Q+A: I had shingles. Will running make it return?

Our experts answer real-life questions


Posted: 9 September 2000
by Patrick Milroy

Q I have just had a rather severe bout of shingles. My doctor said that the condition may have actually been bought on by my running. I’m scared that if start to run again I risk a recurrence – something I definitely want to avoid. Should I be worried?

A Shingles is an infection caused by the herpes zoster virus, which is identical to that which causes chicken pox in children. Scientific tests suggest that shingles is a reactivation of a previous infection by the chicken pox virus, which has lain dormant in the body. Because it involves nerve roots, it can be particularly painful. It’s most common in the nerves supplying the trunk where, usually, one side is covered in painful raised spots known as vesicles. It tends to be most painful in the elderly, and is particularly dangerous if it affects the eyes, as this could mean that an infection has occurred in the cranial nerves.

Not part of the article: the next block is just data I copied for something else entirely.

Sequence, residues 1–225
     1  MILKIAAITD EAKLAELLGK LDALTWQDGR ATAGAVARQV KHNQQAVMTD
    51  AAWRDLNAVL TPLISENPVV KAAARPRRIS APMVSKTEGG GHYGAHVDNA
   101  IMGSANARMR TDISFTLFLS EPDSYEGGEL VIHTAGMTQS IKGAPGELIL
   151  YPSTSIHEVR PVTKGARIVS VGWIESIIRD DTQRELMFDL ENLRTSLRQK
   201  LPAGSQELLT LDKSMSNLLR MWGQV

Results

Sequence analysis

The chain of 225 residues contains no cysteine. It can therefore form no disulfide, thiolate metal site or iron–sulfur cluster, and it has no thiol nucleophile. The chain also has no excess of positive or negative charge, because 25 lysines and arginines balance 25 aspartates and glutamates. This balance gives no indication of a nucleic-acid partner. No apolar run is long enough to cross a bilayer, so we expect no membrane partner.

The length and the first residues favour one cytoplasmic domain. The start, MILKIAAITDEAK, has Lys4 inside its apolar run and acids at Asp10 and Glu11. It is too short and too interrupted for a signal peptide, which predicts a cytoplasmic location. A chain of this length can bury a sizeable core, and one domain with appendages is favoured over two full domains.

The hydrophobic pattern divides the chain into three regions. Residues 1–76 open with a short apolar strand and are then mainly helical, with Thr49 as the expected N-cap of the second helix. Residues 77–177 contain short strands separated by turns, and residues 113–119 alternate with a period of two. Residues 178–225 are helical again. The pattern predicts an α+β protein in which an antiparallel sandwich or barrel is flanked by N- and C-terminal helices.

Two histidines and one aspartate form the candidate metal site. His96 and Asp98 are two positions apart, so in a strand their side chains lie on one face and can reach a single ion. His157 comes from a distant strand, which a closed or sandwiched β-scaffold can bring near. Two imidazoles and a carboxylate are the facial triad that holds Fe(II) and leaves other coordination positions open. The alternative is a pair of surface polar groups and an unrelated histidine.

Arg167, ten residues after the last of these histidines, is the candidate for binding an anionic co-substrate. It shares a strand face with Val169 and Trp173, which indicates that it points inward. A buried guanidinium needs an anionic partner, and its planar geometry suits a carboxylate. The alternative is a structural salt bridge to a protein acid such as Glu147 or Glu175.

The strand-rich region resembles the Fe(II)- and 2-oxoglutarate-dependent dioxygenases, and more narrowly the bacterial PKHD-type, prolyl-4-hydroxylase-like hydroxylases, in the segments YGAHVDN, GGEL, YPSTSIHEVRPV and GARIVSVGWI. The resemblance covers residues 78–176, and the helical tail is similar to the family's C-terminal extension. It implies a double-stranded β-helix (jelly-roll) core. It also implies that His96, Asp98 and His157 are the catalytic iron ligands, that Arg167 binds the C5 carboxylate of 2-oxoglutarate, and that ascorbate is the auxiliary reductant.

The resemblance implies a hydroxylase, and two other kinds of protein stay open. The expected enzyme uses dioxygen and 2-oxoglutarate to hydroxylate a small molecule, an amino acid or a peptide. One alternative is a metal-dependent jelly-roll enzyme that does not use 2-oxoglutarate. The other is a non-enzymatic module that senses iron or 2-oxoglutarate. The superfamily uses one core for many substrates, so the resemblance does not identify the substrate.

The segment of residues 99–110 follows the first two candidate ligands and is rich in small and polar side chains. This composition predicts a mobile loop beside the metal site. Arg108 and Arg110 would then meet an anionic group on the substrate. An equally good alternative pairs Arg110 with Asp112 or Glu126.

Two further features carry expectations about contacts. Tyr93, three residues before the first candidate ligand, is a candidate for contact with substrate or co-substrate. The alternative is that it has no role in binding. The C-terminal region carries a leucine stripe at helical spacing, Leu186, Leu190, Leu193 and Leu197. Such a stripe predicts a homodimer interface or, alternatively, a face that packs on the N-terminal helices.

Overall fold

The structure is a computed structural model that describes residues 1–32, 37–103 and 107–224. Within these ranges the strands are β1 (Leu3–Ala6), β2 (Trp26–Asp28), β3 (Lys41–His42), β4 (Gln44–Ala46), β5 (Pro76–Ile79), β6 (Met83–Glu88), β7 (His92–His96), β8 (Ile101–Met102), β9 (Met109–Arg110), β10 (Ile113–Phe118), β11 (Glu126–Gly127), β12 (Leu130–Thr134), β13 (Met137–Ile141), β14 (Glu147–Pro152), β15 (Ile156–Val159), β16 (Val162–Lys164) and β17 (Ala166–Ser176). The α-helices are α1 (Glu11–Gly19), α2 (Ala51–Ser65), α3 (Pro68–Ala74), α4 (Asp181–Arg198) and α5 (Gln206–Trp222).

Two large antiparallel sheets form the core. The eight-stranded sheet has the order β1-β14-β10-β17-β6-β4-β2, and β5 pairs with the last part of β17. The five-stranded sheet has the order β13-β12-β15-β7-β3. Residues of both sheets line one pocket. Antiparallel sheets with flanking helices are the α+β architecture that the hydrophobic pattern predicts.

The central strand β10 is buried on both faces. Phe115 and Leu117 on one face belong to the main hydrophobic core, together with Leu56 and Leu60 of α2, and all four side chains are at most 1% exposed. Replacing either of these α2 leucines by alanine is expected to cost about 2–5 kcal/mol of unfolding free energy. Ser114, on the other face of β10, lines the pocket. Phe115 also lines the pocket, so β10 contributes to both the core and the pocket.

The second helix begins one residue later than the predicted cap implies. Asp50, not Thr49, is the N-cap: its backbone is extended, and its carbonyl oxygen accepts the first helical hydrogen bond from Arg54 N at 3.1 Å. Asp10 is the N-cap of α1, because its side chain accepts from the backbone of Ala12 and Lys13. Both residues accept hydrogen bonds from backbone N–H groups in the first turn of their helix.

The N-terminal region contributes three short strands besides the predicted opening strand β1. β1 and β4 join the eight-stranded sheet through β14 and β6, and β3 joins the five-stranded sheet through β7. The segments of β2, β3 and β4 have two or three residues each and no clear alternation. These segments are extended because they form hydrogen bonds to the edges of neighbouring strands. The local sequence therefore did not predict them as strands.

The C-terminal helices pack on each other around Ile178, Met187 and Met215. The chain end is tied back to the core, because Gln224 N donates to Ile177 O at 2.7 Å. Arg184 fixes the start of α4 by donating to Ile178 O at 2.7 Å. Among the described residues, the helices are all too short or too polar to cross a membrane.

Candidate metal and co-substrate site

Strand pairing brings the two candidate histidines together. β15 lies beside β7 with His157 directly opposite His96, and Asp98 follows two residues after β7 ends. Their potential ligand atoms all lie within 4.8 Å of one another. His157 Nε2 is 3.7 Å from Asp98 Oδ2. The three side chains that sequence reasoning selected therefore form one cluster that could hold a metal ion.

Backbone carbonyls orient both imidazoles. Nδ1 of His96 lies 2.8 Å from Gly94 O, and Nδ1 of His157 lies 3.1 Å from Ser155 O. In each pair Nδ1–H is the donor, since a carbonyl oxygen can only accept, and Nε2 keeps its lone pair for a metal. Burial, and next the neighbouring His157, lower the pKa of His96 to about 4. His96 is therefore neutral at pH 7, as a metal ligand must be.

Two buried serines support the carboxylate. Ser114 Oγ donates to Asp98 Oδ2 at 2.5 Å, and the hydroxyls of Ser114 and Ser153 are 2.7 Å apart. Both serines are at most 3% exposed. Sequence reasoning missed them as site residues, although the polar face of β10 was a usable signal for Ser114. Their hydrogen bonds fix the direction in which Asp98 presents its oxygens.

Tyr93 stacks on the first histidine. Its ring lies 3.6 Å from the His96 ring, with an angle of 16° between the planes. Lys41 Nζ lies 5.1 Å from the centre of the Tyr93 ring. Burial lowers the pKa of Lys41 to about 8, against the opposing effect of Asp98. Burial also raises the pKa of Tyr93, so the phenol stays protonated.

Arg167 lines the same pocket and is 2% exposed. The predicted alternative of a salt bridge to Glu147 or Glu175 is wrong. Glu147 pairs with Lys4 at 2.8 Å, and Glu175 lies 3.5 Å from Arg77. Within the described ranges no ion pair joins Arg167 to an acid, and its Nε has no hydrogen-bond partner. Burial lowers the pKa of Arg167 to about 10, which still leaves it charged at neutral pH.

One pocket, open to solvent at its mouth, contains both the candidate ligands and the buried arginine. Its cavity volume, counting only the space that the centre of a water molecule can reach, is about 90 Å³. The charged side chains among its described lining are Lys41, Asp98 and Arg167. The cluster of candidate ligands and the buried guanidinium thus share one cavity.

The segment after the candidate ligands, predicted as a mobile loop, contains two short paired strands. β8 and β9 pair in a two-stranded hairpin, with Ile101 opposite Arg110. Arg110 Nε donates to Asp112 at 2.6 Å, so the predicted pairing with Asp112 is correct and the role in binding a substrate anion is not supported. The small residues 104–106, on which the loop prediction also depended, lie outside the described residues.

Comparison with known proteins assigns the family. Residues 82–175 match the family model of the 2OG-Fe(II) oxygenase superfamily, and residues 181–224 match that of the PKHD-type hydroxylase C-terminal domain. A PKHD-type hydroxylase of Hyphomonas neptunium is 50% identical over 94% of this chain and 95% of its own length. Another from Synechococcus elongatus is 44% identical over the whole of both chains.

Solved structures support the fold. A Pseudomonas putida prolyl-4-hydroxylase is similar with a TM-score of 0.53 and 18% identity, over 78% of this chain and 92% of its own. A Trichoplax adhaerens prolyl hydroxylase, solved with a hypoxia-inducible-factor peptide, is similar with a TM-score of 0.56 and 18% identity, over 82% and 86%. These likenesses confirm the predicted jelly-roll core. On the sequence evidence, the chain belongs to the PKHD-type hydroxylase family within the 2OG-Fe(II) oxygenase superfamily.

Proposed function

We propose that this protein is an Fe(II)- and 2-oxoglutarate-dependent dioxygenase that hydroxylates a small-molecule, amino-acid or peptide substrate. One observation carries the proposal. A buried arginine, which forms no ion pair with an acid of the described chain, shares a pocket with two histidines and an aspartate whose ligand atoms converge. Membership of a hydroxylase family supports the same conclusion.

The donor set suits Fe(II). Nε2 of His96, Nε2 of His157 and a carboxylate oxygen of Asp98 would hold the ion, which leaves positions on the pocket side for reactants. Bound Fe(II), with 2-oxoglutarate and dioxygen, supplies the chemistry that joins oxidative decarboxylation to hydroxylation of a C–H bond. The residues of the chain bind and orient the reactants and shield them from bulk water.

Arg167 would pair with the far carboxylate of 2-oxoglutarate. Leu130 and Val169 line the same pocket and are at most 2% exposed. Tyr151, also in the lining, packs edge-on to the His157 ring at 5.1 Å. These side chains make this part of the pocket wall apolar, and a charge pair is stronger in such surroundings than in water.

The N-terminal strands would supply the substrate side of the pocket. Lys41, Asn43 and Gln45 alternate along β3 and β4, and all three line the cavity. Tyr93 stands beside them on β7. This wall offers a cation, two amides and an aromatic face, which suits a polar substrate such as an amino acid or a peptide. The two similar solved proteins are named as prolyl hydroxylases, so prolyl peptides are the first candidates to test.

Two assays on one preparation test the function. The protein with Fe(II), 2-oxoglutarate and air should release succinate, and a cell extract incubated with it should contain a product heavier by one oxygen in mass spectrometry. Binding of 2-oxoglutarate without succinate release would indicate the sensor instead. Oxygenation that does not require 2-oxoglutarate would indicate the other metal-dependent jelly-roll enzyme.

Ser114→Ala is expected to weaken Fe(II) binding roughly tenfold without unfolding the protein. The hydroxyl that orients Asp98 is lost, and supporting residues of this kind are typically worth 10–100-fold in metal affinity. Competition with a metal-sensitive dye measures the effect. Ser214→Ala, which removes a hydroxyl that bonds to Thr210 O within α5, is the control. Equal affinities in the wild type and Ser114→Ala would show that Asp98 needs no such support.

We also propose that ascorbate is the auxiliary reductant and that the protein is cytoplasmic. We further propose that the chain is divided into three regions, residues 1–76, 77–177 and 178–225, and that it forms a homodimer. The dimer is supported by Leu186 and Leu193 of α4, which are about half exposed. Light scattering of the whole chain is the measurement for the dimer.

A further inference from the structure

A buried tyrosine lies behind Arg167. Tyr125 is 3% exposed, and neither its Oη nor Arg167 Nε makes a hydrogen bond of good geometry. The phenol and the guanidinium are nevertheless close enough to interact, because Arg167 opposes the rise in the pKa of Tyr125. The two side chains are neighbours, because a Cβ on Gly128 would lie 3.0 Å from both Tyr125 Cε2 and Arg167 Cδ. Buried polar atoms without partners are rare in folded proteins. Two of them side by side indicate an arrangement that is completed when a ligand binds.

Shingles takes longer to heal than chicken pox, and may leave in its wake a pain known as post-herpetic neuralgia. Treatment may involve an expensive anti-viral tablet, but simply applying calamine lotion can be very soothing.

You’re actually more likely to contract shingles if you’re run down or are already suffering from another illness. So, as a healthy runner, you were probably just unlucky in developing the condition, and would probably be doubly unlucky were it to return. I would suggest that you could start running as soon as the rash has dried up and the scabs have disappeared.

Patrick Milroy, RW Medical Advisor


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